Cyndi Lauper talks to Attitude: 'Think I'm gonna be quiet? No way!'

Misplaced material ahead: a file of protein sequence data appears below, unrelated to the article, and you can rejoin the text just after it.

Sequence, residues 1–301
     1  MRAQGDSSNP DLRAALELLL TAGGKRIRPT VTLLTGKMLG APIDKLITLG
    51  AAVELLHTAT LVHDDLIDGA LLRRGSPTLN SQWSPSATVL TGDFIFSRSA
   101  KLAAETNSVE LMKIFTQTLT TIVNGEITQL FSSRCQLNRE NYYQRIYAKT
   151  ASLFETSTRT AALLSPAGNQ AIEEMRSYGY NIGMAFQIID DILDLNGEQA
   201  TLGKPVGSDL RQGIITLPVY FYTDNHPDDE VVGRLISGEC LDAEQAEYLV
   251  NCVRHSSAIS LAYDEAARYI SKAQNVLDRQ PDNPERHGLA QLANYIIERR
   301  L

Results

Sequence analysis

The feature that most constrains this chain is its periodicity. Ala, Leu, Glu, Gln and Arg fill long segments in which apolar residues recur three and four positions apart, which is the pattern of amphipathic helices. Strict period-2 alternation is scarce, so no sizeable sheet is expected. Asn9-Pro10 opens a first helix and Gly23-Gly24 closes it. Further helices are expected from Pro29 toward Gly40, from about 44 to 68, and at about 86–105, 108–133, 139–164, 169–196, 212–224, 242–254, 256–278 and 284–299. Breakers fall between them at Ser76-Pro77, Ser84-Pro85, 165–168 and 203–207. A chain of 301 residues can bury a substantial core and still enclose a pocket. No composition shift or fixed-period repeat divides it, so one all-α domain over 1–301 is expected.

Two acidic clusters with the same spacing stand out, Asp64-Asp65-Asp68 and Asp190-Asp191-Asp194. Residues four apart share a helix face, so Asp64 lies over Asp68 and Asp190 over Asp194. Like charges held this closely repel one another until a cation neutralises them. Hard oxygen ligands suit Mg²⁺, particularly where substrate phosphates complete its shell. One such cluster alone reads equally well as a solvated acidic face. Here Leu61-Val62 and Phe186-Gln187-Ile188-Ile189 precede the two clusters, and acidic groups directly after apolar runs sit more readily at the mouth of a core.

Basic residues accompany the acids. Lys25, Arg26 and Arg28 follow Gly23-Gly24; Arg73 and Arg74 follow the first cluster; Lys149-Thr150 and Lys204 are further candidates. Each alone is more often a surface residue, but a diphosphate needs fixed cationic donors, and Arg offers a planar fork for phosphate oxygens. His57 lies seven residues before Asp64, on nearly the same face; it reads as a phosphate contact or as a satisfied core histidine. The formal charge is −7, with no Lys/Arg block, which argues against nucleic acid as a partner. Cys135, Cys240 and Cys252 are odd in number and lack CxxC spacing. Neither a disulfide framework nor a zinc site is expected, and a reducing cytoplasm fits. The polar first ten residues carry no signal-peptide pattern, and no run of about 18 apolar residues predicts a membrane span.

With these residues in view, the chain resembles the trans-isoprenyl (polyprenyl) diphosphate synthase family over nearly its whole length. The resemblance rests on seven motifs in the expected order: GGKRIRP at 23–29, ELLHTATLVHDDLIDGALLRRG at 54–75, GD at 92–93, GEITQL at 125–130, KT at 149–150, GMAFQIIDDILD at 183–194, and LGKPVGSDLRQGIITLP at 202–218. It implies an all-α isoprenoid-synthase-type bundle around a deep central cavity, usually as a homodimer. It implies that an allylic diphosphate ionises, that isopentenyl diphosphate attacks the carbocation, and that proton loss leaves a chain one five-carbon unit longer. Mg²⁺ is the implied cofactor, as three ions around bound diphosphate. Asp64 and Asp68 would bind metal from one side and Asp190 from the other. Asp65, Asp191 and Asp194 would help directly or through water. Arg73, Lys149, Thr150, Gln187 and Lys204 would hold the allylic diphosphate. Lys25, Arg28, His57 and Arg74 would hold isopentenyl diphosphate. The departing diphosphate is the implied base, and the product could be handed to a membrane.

Given Pride marches and gigs are practically Cyndi Lauper’s second home, it makes perfect sense that the 62-year-old was keen to write the music and lyrics for Kinky Boots, the stage musical version of the film about a fierce drag queen named Lola (played over here by Matt Henry) and the unlikely alliance she forms with shoe factory boss Charlie (Killian Donnelly). Hitting London at last, it’s the ultimate feel-good show with an amazing score and it’s a musical that’s as much about acceptance as it is about fantastic outfits and fabulous tunes. It’s no wonder Cyndi is excited, although she also confesses to being nervous about how it will go down over here… Mandatory Credit: Photo by BEI/REX Shutterstock (1853324b) Cyndi Lauper and Harvey Fierstein 'Kinky Boots' musical press preview, New York, America - 14 Sep 2012 What lured you to step into Kinky Boots in the first place? Firstly, it was Harvey [Fierstein, collaborator on the musical] because he’s someone I’ve always admired and he’s a friend. And when I saw this story about people – and very different people – and seeing how they could come together and it’s based on a true story, that lured me in. Although I still don’t know if they made Lola up or if she’s real. I’m coming to London looking for Lola and going ‘Where is she?’ Speaking of London, are you looking forward to it being performed in England, where the story is set? Absolutely, because it’s from England and it’s great to hear it sung and spoken by English people, you know what I mean? But just to be a part of something that makes people happy and which tells a story about diversity is wonderful. Here are two guys, completely different. Yes, one is a cross-dresser but in the end what I love about it is the fact everyone evolves in it and that in a way it doesn’t matter if Lola is a cross-dresser, it’s just about how different she is. Everybody thinks they have to accept Lola but in the end they have to accept Charlie. It’s an interesting and real story. Kinky Boots - Boots photo Matthew Murphy How much blood, sweat and tears were involved in writing the score? You have in your mind that you’re doing it like this or that and it comes out sounding like you anyway, but there were a lot of influences. You probably can’t hear Sylvester’s influence in there but in my mind there’s the spirit of what he did from the Stars album onwards. Writing for Charlie was harder but writing for Lola happened right away. But I loved working with Harvey and Jerry [Mitchell, the show’s director] and Stephen Oremus [the musical director]. They were all brilliant and I was walked through this project like Dorothy on the Yellow Brick Road by, like, The Scarecrow, The Lion and The Tin Man. A lot of times you work really hard on something and it just doesn’t happen, but for this to happen the way it did made me feel like ‘Wow!’ It’s amazing. It’s like a happy pill. Why are LGBT issues so important to you? Because I’m a friend and family member, that’s why. Where I come from, you don’t sit back and let other people talk down to your family or your friends and take their civil rights away from them – not in the country that’s supposed to be the land of the free and the brave. How are you free to stand there and go ‘You’re free, you’re free, but you? Nah, not free.’ You can’t do that. What is equality unless everyone is equal? Then what? What have you got? You got nothing! So of course I’m going to stand up and say something. I always will. If you’re standing next to me and you’re my friend and someone comes along and starts treating you bad – you think I’m gonna be quiet? No way. How did you react to the marriage equality victory in the States? I cried. Didn’t you? The world is changing. It’s opening. Well, some parts are open and some parts are closed, but hopefully it will open up and people will understand that there are all kinds of people. You can’t see somebody different and say ‘That’s evil, that’s terrible’ because you know what, if we all think like that the world will stop. The only way this world goes is to accept people’s differences and try and understand them. And understand yourself first. That’s one thing that’s in this show – accept yourself and you’ll accept others, too. Words by SIMON BUTTON.  You can read our full interview with Cyndi in the current issue of Attitude, in shops now. Download the digital version of the mag from Pocketmags.com/Attitude or order the print version from newsstand.co.uk/Attitude BenThompsoncover